Early Parenting - We are doing Continuum Concept parenting which is similar to attachment parenting. This entails carrying baby most of the time until they start trying to crawl, co-sleeping until the child shows interest in having separate bed, breast feeding on demand and exclusively for as long as you can (usually until 6-8 months old for exclusive breast feeding, but continuing supplemental breast feeding until at least age 2), being pretty laid back and hands off once baby does start crawling around, and generally having a very positive attitude toward them (being accepting of them, letting them know that they are good despite imperfections, and taking them seriously and treating them with respect despite that they are young). We believe these practices allow babies to develop independence and confidence early on and give babies the best stimulation possible (person to person rather than person to device, i.e. sticking baby in a swing or bouncer or under a mobile for entertainment/companionship), and help baby to develop normal social skills and be relatively anxiety-free. If you want to read more about this type of parenting, you can simply look up "Continuum Concept" and you'll get tons of free information on it. This parenting model is based on observations of how tribal peoples parent their young and is at the very least very interesting.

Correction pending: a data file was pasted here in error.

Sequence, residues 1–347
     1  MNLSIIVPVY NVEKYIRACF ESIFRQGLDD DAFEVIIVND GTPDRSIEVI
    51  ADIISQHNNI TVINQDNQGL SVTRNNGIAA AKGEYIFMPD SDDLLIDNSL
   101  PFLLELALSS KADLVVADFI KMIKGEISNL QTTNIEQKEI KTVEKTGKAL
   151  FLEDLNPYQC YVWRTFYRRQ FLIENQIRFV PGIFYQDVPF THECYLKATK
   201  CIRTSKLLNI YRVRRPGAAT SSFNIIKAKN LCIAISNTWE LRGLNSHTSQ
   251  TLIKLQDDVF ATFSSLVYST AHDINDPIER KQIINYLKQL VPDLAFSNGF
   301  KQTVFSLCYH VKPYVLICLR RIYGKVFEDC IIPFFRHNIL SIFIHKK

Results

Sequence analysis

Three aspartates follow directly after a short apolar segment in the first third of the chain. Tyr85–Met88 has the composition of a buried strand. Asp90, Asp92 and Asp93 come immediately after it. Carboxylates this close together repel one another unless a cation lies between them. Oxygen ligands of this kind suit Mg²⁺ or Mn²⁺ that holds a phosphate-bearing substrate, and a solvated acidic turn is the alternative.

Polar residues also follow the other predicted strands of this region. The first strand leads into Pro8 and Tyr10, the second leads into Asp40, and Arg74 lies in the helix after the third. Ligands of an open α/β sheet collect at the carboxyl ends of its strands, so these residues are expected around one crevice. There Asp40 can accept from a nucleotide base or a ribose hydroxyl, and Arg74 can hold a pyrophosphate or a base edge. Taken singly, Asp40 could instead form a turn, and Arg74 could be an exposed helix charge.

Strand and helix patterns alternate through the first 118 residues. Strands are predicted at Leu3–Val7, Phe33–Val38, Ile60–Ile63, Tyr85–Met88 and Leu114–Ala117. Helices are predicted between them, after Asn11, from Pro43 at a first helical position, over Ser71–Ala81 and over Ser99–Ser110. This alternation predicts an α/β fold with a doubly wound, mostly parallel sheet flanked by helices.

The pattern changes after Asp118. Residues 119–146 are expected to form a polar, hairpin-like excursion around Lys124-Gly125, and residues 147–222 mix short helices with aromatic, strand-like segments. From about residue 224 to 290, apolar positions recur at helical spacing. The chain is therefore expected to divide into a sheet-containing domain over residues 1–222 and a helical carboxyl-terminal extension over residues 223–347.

We have also decided to cloth diaper. This choice is based on frugality, comfort for baby, and personal conviction to reduce waste and pollution. Plus cloth diapered babies are usually potty trained earlier than babies who are diapered with disposables. When it comes to cloth diapers there are tons of options. It was overwhelming at first for me. You can go the old fashioned way with pre-folds and waterproof covers, or use a hybrid diaper with a combination of reusable liners and biodegradable ones, there's also the all in one which works just like a disposable except that you reuse it, there are fitted diapers that are for specific sizes or one-size diapers that use a system of snaps to grow with your child, there are pocket diapers which consist of cover and soaker insert, some diapers are made from sustainable, eco-friendly materials and others are not, etc. If you are interested, you should research the pros and cons of each type and even each brand. I do recommend starting out with all in ones or pocket diapers since they are most user friendly. The same things won't work for everyone. The most economical and convenient option for us turned out to be one size pocket diapers from Yoyoo. You will need varying amounts of inserts/covers depending on the type of diaper you choose. One size diapers are designed to fit from newborn through potty training, though often times newborns need smaller disposables for just the first few weeks until they get a little bigger. Be aware that with cloth diapers, you will need to wash them every 2 to 3 days. Another important note is that even if you started out using disposables, most parents do not have a problem making the transition to cloth.